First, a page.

God is not dead, He's in politics

Around the world religion is back. Both domestically and internationally, religion is involved in social issues and politics. The objective of the book “L’Enjeu mondial: Religion et politique” [A Global Issue: Religion and Politics] is to analyze this return from different perspectives and in all its diversity.

This book, which CERI director Alain Dieckhoff co-edited with GSRL director Philippe Portier (CNRS/École pratique des hautes études [School for Advanced Studies in the Social Sciences]), uncovers the new close and complex ties between religion and politics in the contemporary world. Interview of Alain Dieckhoff, originally published in the Cogito Research Newsletter.

In the introduction you write that the publication of a book about “religion and politics” would have been inconceivable half a century ago. Why? What has changed?

Alain Dieckhoff : From the 1930s and '40s through the '60s and '70s the interpretive framework in the social sciences emphasized a seemingly irreversible dynamic of secularization: God was being marginalized. The phenomenon was highly visible in both the West and Third World countries like the Middle East, which was dominated by a current of Arab nationalism that sought to be secular, and like Nehru’s India. And then things started to change. I believe the turning point that ushered in this new paradigm was the 1979 Islamic revolution. At the time it appeared to be an exception, but it was actually heralding change: religion was going to continue to count in world affairs and was even becoming a major political force again!

What form has this return of religion taken in politics?

A.D. : This is not exactly a “return”, but rather a new dialectic. One the one hand, a new “politicization” of religion has occurred: religious actors play a much greater political role today. This can be seen in the membership of parties with a strong religious dimension: the Muslim Brotherhood in Egypt, Enahda in Tunisia and AKP in Turkey. On the other hand politics have “de-secularized”, that is, some politicians now promote a religious identity that they had previously kept private. Thus, François Fillon clearly presented himself as a Christian during the French presidential elections. Another example is Viktor Orban, who positions Christianity as a central element of Hungarian identity. Finally, the evangelical movement is very powerful in the United States and in Latin America. In Brazil, the Parliament includes 80 evangelical protestant members who will obviously influence the drafting of laws, especially those on family and social issues.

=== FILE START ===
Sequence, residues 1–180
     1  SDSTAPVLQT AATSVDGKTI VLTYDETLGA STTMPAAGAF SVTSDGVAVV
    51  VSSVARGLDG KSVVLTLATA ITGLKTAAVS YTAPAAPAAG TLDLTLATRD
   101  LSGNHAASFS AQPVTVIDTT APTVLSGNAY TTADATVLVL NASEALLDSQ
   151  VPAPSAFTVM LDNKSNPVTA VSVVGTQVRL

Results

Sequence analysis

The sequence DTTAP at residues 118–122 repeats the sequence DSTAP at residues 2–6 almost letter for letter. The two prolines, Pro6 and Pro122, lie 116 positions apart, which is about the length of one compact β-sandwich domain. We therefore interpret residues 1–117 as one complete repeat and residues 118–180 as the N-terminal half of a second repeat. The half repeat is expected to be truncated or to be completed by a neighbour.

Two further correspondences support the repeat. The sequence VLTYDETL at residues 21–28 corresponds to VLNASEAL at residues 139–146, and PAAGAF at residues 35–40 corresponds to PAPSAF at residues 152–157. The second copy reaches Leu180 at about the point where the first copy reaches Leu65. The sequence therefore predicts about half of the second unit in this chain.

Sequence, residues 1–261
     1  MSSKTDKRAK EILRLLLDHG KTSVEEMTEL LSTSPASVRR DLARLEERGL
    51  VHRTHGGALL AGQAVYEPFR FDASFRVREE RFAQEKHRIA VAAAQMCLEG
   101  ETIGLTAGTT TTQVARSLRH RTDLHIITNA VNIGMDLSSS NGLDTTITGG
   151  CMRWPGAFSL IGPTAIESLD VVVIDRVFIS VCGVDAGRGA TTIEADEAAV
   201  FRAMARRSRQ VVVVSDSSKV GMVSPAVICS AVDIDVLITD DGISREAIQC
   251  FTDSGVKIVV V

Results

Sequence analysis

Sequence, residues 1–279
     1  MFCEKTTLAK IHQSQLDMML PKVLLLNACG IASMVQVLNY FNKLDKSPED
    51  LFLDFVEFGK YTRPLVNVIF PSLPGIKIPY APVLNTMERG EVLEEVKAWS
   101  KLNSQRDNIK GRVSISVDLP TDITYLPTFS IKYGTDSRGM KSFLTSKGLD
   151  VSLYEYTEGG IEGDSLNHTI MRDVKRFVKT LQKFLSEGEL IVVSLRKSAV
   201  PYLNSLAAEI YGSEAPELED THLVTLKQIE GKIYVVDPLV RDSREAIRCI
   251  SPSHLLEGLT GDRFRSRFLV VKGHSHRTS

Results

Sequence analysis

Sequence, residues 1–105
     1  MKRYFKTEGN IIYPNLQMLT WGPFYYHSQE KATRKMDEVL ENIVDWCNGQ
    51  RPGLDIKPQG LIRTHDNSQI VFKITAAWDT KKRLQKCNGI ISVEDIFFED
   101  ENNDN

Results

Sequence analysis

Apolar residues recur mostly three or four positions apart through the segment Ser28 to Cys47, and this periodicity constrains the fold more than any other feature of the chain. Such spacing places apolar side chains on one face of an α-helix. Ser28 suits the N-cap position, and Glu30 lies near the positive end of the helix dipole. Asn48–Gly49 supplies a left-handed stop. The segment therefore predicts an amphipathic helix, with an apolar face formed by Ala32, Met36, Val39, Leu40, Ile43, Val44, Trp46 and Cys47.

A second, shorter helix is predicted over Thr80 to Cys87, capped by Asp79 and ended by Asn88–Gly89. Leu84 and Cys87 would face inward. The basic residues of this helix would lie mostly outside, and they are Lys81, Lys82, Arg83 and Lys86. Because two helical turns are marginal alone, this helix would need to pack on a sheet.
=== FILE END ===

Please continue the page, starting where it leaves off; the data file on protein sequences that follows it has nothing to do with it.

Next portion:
Paradoxically, you also say that societies are increasingly secular…

A.D. : Yes, secularization is continuing apace to various degrees depending on the latitudes. In the United States, for example, surveys show that the share of people who claim to be non-religious is much larger than it was half a century ago. There are clearly more “seculars” than before, but – and here lies the whole paradox – believers are more committed than before! Two visions of the world are confronting each other, creating an antagonism, the depth of which varies across societies: on one side are those calling for a strong assertion of religion and on the other are those calling for secularism. Some proponents of secularism have also hardened their positions: many, particularly in France, interpret secularism as a sterilization of the public space, as if the social space itself had to be virgin of any sign of religion! But the original laicism (of 1905) in no way banned the display of religious identity in the public space. The idea was that the state sphere has to be secular, but on the street Christians can wear a cross, Muslims have the right to be veiled, Jews can wear the yarmulke, etc.

Is the renewed importance of religion in relation to politics a potential source of conflict and tension?

A.D. : Yes, the risk of conflict exists, as demonstrated by the uproar over the caricatures of Mohammed! There is no inherent radical opposition between religion and violence. The combative dimension of faith is sometimes even present in the religious texts themselves. But one must be careful with this statement: religions can certainly fuel violence, but they can also serve to pacify. An example is Rome’s Sant’Egidio Catholic community, which played a very important mediating role in the end of the war in Mozambique in 1992. It is also important to bear in mind that violence is not exclusive to any one religion. The case of Buddhism is interesting: in the West it is often associated with the Dalai Lama and non-violence, but as with all other religions, it can fuel violence. This is currently on display in Myanmar, where a Buddhist majority is supporting a nationalist and exclusivist agenda that is pushing the Muslim Rohingya to flee.

How might politics respond?

A.D. : Democratic states should defend the freedom to have a religion… or to not have one! International bodies like the European Council and the UN strongly defend this position. Most modern democracies have chosen to adopt a neutral position towards religion. Today this benchmark model is being challenged. Some religious actors are asking states to abandon this position and defend a certain conception of what they see as legitimate, especially regarding social issues: marriage, adoption, procreation, etc. It’s normal that conflicts and disagreements arise. Religion and politics have always interacted and conflict has been resolved in different ways depending on the eras and powers that be. The organization of society requires a determination of religion’s role.

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